Biodegradable microbeads are here to (hopefully) cut down on ocean pollution

Tiny plastic microbeads are used in a wide variety of products, from body washes, toothpastes, and face scrubs to paints and fillers. Unfortunately, they’re not great for our environment, and help contribute to the 8 million tons of plastic that ends up in our oceans (and in the stomach of seabirds, whales, turtles, and other marine life) every year. According to estimates, a single shower can result in 100,000 plastic microbeads being flushed down the drain.

That’s where a new project coming out of the United Kingdom’s University of Bath enters the frame. Scientists and engineers at the university have successfully engineered biodegradable cellulose microbeads, manufactured from a sustainable source. These could be used to replace the harmful plastic ones that have been banned in numerous places.

“We’ve developed a continuous process for the production of cellulose microbeads,” Dr. Janet Scott, reader in the department of chemistry, told Digital Trends. “As cellulose comes from plants, nature produces enzymes to break it down, thus the beads are stable in the absence of the enzymes — in personal care products, for example — but will biodegrade in the environment. Depending on size, these might even be broken down by the time they pass through the wastewater sewage plant process. This is the big difference between our microbeads and those made of plastic.”

biodegradable microbeads project 200 microns 2
Nic Delves-Broughton, University of Bath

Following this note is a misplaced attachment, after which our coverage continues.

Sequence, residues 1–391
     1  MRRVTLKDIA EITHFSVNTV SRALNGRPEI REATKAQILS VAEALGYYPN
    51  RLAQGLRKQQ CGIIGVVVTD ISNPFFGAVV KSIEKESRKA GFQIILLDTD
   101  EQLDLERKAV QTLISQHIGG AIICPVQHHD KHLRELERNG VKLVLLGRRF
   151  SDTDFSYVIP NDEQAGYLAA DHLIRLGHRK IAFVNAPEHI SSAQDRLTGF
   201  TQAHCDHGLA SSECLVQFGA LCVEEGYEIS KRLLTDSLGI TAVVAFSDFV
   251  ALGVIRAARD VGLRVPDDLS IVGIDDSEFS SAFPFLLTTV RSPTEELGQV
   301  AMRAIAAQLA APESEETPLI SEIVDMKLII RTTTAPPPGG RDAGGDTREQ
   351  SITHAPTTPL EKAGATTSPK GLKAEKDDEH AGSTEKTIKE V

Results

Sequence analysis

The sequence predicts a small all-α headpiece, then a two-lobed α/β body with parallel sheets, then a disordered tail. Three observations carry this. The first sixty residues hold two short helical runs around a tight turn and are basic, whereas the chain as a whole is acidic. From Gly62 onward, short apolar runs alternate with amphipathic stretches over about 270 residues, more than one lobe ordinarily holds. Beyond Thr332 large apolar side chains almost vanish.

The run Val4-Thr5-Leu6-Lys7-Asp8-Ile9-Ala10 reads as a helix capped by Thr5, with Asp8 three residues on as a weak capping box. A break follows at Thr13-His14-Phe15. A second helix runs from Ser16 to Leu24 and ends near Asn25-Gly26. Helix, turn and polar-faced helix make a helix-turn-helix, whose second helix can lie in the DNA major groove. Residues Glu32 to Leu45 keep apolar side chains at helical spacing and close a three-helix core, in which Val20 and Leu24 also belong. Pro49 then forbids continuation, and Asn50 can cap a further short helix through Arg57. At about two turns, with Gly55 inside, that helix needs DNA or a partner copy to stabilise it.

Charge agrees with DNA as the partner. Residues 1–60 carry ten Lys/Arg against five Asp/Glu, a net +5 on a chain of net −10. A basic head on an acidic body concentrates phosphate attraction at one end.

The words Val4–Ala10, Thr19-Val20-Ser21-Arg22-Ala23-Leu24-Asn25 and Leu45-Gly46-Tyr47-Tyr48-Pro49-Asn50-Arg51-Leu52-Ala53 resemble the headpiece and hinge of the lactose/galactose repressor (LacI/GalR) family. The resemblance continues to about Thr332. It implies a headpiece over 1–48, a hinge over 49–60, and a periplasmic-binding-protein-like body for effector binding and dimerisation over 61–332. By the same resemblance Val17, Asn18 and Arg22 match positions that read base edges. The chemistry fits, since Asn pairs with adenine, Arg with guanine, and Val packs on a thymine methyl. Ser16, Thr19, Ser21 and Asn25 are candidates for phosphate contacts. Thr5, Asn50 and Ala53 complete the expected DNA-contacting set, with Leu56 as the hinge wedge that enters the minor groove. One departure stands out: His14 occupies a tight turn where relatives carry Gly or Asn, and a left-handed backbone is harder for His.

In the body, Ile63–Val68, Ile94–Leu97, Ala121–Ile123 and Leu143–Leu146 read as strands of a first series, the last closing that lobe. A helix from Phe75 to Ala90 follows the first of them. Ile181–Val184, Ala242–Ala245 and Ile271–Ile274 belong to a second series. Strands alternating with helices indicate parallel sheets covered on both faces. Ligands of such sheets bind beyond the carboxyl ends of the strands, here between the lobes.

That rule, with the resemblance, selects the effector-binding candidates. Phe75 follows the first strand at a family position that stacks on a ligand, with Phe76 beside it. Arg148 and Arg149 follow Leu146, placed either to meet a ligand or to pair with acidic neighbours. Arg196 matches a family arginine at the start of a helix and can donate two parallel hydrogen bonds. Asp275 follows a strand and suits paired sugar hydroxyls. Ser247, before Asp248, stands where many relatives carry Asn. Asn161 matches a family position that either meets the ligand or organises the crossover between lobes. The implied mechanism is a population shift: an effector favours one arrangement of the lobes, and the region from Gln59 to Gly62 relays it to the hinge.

A big question, of course, is whether the project is scalable. After all, it’s one thing to create sustainable microbeads in a lab; another to do it price-competitively in large quantities.

“Can we scale? Yes.” Scott said, emphatically. “We intentionally developed both the product and process to manufacture the product together, so that there would not need to be any major changes in the process for manufacturing. The process used can easily be scaled up as it is based on continuous flow ‘membrane emulsification.’ We force solutions of cellulose through porous tubular membranes to produce tiny droplets that are swept away by a flowing oil phase. Then we use ‘phase inversion’ to set the beads, recover the beads and recycle the oil and phase inversion solvent.”

Well, that settles it then! The project has been awarded a $1.3 million grant by the U.K.’s Engineering and Physical Sciences Research Council to develop it in for use in cosmetics and personal care products, along with agricultural products like slow-release fertilizers.